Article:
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Alzheimer's Disease Reversed In Mice By Cleveland Clinic Doctors

Monday, March 5, 2018   (0 Comments)
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Shutting off one protein in the brain improved the rodents' cognitive function and removed the plaque associated with Alzheimer's.


CLEVELAND, OH — In what could be a breakthrough in the fight against Alzheimer's disease, researchers from the Cleveland Clinic have reversed the effects of the disease in the minds of mice. By shutting off one enzyme, the mice enjoyed restored cognitive function.

"To our knowledge, this is the first observation of such a dramatic reversal of amyloid deposition in any study of Alzheimer's disease mouse models," said one of the study's coauthors Riqiang Yan, the chair of neurosciences at the University of Connecticut and the co-discoverer of BACE1, in a news release. 

The study was conducted with specially bred mice that suffered from Alzheimer's disease symptoms. Scientists were able to mimic future medications by turning off BACE1, an enzyme that plays a big role in neural development for humans and mice, in the rodents. However, researchers believe BACE1 can also produce beta-amyloid plaques, which some believe, when produced in abnormal amounts, can lead to Alzheimer's.

Reducing BACE1 production led to improved cognitive function in the mice and the steady decline of the plaque deposits. Within 10 months, researchers could no longer spot the plaque on the rodents brains. That meant, the mice enjoyed improved memories and improved learning. Still, their minds were not returned to pre-Alzheimer's ability.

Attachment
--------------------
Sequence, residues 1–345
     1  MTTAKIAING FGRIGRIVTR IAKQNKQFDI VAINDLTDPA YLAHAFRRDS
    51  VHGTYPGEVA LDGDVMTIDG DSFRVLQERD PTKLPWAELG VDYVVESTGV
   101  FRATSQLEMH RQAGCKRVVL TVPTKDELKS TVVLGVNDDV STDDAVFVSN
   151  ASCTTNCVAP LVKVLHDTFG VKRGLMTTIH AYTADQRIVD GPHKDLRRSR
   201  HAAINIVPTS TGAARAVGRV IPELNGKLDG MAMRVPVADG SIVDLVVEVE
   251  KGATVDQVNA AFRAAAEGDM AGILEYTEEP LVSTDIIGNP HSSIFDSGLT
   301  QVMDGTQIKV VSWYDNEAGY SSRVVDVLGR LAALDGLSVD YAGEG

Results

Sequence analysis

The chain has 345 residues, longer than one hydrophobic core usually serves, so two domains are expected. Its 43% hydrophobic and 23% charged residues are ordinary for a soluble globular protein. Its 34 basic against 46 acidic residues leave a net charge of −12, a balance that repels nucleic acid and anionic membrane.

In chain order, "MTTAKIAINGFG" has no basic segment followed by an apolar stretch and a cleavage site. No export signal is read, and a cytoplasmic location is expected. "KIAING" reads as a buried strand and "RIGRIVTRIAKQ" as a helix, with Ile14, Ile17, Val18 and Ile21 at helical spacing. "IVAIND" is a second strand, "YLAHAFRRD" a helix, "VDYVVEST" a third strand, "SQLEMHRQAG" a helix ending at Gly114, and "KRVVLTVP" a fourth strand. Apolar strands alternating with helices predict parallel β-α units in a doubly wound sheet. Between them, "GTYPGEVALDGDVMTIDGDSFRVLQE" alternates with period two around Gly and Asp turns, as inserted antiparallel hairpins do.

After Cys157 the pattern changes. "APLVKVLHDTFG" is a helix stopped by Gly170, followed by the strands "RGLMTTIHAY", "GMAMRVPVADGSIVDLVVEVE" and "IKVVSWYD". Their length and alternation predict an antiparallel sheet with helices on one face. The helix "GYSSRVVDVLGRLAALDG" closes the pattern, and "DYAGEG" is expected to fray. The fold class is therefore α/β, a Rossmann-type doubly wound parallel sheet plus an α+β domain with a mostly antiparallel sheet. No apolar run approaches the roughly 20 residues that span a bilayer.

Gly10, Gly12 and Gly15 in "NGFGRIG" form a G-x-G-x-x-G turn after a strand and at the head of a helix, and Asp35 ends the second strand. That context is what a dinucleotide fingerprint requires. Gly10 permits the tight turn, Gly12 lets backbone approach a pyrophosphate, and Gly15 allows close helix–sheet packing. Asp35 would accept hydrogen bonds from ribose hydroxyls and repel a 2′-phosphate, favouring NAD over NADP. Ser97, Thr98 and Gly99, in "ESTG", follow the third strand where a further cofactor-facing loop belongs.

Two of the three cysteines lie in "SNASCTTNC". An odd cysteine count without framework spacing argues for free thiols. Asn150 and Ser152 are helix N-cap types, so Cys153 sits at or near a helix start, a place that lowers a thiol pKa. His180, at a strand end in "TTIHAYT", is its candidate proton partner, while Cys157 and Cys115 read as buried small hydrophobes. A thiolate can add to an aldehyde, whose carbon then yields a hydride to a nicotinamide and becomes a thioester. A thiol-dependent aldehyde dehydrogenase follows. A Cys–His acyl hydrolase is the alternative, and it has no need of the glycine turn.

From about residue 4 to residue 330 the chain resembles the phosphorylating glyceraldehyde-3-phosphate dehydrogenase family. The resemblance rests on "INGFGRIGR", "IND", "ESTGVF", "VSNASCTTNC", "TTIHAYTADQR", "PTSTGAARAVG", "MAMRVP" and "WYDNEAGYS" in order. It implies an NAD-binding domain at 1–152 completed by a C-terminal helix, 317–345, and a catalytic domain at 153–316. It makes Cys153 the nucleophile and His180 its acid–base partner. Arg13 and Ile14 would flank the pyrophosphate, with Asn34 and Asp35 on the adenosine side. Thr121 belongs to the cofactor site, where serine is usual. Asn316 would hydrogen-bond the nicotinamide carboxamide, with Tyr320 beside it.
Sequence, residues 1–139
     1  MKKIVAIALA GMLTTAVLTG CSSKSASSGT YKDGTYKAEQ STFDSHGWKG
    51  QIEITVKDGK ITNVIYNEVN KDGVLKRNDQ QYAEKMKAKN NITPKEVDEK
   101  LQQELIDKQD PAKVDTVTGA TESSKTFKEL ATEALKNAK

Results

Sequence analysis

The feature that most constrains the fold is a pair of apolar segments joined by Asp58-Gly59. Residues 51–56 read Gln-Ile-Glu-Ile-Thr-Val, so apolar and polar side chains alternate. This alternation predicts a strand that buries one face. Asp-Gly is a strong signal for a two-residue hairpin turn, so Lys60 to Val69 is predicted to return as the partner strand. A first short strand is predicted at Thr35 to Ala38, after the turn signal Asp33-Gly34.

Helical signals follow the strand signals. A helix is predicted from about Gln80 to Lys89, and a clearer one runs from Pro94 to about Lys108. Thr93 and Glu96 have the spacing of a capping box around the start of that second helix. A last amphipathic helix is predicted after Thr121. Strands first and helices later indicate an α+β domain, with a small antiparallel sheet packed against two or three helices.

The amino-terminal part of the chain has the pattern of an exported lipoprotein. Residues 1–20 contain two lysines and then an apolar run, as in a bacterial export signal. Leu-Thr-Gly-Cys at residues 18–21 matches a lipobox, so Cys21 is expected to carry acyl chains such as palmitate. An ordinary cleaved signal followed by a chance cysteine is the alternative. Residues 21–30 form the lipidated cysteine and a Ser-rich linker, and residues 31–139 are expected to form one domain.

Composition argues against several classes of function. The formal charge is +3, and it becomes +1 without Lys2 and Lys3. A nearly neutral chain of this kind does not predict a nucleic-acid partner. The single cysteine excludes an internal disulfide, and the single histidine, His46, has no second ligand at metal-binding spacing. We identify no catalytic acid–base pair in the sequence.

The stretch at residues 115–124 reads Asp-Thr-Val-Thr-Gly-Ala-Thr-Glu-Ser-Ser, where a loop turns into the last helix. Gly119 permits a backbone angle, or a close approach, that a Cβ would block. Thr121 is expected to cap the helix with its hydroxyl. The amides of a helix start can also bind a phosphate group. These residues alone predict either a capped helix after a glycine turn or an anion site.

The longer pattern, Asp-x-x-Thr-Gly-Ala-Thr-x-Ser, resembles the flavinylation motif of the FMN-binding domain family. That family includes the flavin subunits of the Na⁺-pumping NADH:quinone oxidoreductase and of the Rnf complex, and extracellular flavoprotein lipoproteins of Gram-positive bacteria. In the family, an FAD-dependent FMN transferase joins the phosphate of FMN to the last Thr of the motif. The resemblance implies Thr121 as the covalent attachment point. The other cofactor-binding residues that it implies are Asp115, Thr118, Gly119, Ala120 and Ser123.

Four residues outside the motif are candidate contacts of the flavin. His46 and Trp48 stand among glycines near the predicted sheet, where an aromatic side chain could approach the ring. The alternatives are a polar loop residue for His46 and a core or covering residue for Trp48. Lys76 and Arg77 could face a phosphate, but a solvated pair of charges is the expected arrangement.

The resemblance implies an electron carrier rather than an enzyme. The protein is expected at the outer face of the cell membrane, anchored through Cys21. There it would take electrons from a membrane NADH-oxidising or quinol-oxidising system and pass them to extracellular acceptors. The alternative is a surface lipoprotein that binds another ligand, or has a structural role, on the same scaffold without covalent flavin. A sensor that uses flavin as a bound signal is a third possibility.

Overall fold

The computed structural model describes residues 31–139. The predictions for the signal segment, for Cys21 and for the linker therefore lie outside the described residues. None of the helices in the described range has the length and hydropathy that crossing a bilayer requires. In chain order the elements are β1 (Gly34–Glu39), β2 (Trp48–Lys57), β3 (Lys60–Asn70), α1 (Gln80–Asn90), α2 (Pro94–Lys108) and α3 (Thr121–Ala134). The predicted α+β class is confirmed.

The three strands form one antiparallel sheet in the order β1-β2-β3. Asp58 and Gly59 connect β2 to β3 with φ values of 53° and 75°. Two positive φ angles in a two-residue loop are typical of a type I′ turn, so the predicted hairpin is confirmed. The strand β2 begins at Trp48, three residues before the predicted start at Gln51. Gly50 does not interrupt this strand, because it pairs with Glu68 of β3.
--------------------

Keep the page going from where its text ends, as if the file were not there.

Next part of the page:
The research was published in the Journal of Experimental Medicine. While not an immediate reason for celebration, pharmaceutical companies have been trying to create BACE1 inhibitors for years, the National Geographic reports. Should one company have a breakthrough, it could mean major developments for reversing the effects of Alzheimer's. There are at least five BACE1 inhibitors that are being tested for human use.

However, the researchers are urging a skeptical, cautious approach to the results. Findings and breakthroughs in mice don't always translate to humans, ABC News reported. Plus, the study only imitated what future medications could do. No actual medication was tested, meaning results could vary widely.


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